Underground films

The myth of the “indie” film stands in the way of any real
resistance or alternative to the mainstream. Time for “indie” to
move out of the way.

Is your film an “indie” or an undie?

If you still believe that somehow you can find a distributor for your film, and that
they will give you a deal that you want, and that your film will perhaps be
accepted along with all the other mainstream films it resembles, - then your film
is probably an indie film.

If your film doesn't tick the boxes, and if it probably won't ever find a distributor,
and if you know that any independent distributor would destroy it as they do
most or all unsolicited material, and if you haven't adopted all the little stylistic
quirks of contemporary films – if you can't get a BBFC licence because you can't
afford it or for some other reason, if your film can't be shown in a cinema or on
TV, then it possibly could be called an underground film. Underground, not
because you are an 'underground' artist, but because your film has been buried.

What is called “indie” film, if it ever had a meaning, that meaning has been lost,
aside from a very broad one denoting all producers but the very biggest
Hollywood studios.

Yet when you read about “indie” films you get the impression it is
some sort of movement or community of radical, independent film
making that rejects the style and the rules and criteria for acceptance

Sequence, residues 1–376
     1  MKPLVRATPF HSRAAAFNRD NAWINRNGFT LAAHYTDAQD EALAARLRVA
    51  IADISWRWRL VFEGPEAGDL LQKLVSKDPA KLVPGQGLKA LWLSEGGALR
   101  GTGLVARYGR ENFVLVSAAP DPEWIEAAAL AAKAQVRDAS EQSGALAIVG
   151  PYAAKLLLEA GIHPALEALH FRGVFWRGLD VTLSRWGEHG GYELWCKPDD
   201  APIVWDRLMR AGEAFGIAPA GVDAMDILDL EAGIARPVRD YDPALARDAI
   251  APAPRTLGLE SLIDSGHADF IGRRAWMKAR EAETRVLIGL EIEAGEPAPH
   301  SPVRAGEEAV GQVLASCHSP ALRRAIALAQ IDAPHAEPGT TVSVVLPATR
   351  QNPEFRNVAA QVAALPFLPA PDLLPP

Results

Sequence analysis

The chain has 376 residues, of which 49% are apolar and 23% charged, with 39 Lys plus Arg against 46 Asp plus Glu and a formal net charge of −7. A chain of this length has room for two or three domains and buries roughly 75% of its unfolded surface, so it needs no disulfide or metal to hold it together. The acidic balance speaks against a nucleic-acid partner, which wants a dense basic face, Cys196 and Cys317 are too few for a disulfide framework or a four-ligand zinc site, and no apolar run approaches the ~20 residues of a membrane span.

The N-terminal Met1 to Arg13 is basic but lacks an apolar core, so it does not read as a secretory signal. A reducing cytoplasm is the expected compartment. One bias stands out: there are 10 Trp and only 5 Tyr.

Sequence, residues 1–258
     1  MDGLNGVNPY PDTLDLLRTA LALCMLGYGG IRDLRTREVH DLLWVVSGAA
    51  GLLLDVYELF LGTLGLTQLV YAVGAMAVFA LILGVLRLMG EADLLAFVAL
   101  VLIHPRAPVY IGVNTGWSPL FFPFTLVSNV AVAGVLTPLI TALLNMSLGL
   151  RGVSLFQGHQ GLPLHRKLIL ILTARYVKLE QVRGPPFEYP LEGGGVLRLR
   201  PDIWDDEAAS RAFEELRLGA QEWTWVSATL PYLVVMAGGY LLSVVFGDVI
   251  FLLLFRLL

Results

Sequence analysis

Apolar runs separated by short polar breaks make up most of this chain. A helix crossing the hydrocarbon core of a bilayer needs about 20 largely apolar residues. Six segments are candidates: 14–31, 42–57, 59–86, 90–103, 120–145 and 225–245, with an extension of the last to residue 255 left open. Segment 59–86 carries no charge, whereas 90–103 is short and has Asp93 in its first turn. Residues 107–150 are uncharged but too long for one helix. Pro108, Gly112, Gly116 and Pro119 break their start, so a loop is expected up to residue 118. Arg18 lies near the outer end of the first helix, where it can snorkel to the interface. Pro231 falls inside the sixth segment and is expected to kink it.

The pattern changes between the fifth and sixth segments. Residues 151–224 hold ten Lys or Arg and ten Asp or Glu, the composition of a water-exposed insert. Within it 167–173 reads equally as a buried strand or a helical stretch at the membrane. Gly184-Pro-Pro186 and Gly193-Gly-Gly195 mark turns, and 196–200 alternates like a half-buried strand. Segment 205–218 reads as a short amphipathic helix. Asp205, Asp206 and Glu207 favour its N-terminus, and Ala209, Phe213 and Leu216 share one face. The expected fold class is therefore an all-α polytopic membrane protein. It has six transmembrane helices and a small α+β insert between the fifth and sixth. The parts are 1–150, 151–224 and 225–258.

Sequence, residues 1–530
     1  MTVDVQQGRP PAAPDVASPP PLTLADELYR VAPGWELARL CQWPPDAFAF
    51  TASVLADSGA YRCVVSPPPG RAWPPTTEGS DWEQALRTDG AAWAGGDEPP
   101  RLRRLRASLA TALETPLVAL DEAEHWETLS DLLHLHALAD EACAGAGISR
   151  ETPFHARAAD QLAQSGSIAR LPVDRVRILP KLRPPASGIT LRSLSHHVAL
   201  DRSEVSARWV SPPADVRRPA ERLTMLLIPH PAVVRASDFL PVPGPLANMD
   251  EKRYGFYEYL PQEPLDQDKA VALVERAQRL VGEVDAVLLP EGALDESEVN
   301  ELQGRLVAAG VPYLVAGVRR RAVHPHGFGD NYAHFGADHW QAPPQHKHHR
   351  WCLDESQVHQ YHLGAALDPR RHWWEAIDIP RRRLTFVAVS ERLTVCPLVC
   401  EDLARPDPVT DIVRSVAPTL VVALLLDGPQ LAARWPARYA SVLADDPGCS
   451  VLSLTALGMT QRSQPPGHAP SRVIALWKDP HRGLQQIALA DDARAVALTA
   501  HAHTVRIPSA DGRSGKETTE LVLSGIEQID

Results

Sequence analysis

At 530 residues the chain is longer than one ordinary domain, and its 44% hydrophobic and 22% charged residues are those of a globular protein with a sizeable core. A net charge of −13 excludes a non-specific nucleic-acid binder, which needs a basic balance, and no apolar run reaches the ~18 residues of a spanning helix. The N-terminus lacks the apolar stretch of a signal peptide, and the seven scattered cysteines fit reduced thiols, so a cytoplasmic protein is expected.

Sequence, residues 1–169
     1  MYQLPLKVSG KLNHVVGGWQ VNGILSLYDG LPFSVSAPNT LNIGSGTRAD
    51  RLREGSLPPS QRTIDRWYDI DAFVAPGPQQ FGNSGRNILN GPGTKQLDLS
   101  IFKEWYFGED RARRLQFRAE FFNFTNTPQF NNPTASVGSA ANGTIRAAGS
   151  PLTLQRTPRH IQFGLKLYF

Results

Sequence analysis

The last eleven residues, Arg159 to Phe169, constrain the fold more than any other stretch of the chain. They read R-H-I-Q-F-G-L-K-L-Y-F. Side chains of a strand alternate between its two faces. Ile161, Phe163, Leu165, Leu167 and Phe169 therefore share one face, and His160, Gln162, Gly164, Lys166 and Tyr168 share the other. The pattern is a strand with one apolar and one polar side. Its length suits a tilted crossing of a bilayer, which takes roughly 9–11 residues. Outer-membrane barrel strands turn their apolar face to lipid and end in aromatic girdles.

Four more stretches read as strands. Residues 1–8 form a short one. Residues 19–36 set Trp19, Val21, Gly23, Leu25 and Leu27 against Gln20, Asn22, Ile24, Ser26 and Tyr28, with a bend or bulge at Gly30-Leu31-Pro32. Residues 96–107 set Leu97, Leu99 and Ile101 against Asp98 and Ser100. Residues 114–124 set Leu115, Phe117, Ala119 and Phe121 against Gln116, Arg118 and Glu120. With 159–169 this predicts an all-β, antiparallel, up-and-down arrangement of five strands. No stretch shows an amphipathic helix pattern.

of the mainstream, whereas it is anything but that. The opposite, in

This applies to the producers, the film-makers themselves, as well as to
independent distributors. Most of them, and most of that world, is strictly
mainstream. And it offers no more opportunity or open doors than the toughest
Hollywood offices. Some independent distributors actually say on their websites
“all unsolicited material will be destroyed” (yes “destroyed” not simply returned).

The notion of the so called “indie” world is a huge illusion designed to conceal
what any small film-makers actually experience – all the doors are well and truly
closed. And when you read between the lines of the endlessly available online
articles called something like “So, now you've made your masterpiece and you
think you'd like the world to see it” (as if you are a 5 year old with a mud pie)
advising what you can do to distribute your film, you can see that the actual
situation is a vice like grip, that you can do nothing about, and that even those
creatures who have 10,000 followers on social media, can't either (and you aren't
one of those).

The facts are these:
Distributors, whether they call themselves independent or not, don't want your
work, they won't even look at it. Go and read their websites, there are about 22 of
them. Unless you actually are in a personal/professional relationship with them
already you haven't got a chance. The point of it is that you are supposed to work
your way up, like a worm into a birds beak, learn the rules, learn to conform,
learn to make sub-Hollywood films (indie films).
Cinemas, independent ones, get all their films from distributors, and no matter
how big or “small” they are, they don't tolerate cinemas taking anything else, and
managements can't be bothered anyway, and are quite content with that
situation. They have no ambition to support small or even British films.
American distributors have always made sure that American films dominate
British cinemas and will do so as long as trade agreements allow them to do so.
If you try to hire a cinema to show your film, you will find immediately that they
charge precisely the amount that you would get if you sold out at £10 per ticket.